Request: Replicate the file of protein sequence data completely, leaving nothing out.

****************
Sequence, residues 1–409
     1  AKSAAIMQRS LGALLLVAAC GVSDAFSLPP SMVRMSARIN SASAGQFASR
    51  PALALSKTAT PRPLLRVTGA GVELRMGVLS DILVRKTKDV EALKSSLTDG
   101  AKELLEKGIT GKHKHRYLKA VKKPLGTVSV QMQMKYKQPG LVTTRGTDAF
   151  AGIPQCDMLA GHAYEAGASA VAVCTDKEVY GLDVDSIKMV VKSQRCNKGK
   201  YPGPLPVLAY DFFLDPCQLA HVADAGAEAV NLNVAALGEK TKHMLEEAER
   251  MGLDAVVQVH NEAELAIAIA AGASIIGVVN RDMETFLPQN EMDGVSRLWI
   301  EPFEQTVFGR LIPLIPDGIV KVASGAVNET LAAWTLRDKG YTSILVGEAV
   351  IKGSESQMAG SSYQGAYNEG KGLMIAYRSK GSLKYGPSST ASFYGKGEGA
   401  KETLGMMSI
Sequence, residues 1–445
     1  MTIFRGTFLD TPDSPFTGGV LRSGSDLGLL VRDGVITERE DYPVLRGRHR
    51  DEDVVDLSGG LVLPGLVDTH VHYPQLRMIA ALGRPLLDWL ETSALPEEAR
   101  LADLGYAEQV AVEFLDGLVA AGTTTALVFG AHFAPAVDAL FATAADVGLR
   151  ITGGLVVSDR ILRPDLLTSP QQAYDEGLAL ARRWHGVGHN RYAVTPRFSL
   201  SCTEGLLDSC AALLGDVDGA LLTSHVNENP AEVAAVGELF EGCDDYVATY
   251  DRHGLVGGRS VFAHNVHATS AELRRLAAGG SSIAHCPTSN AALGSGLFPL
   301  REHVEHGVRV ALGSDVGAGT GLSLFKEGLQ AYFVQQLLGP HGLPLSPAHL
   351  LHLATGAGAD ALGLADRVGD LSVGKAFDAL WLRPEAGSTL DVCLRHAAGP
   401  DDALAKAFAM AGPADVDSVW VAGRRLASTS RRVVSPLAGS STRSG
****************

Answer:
Sequence, residues 1–409
     1  AKSAAIMQRS LGALLLVAAC GVSDAFSLPP SMVRMSARIN SASAGQFASR
    51  PALALSKTAT PRPLLRVTGA GVELRMGVLS DILVRKTKDV EALKSSLTDG
   101  AKELLEKGIT GKHKHRYLKA VKKPLGTVSV QMQMKYKQPG LVTTRGTDAF
   151  AGIPQCDMLA GHAYEAGASA VAVCTDKEVY GLDVDSIKMV VKSQRCNKGK
   201  YPGPLPVLAY DFFLDPCQLA HVADAGAEAV NLNVAALGEK TKHMLEEAER
   251  MGLDAVVQVH NEAELAIAIA AGASIIGVVN RDMETFLPQN EMDGVSRLWI
   301  EPFEQTVFGR LIPLIPDGIV KVASGAVNET LAAWTLRDKG YTSILVGEAV
   351  IKGSESQMAG SSYQGAYNEG KGLMIAYRSK GSLKYGPSST ASFYGKGEGA
   401  KETLGMMSI
Sequence, residues 1–445
     1  MTIFRGTFLD TPDSPFTGGV LRSGSDLGLL VRDGVITERE DYPVLRGRHR
    51  DEDVVDLSGG LVLPGLVDTH VHYPQLRMIA ALGRPLLDWL ETSALPEEAR
   101  LADLGYAEQV AVEFLDGLVA AGTTTALVFG AHFAPAVDAL FATAADVGLR
   151  ITGGLVVSDR ILRPDLLTSP QQAYDEGLAL ARRWHGVGHN RYAVTPRFSL
   201  SCTEGLLDSC AALLGDVDGA LLTSHVNENP AEVAAVGELF EGCDDYVATY
   251  DRHGLVGGRS VFAHNVHATS AELRRLAAGG SSIAHCPTSN AALGSGLFPL
   301  REHVEHGVRV ALGSDVGAGT GLSLFKEGLQ AYFVQQLLGP HGLPLSPAHL
   351  LHLATGAGAD ALGLADRVGD LSVGKAFDAL WLRPEAGSTL DVCLRHAAGP
   401  DDALAKAFAM AGPADVDSVW VAGRRLASTS RRVVSPLAGS STRSG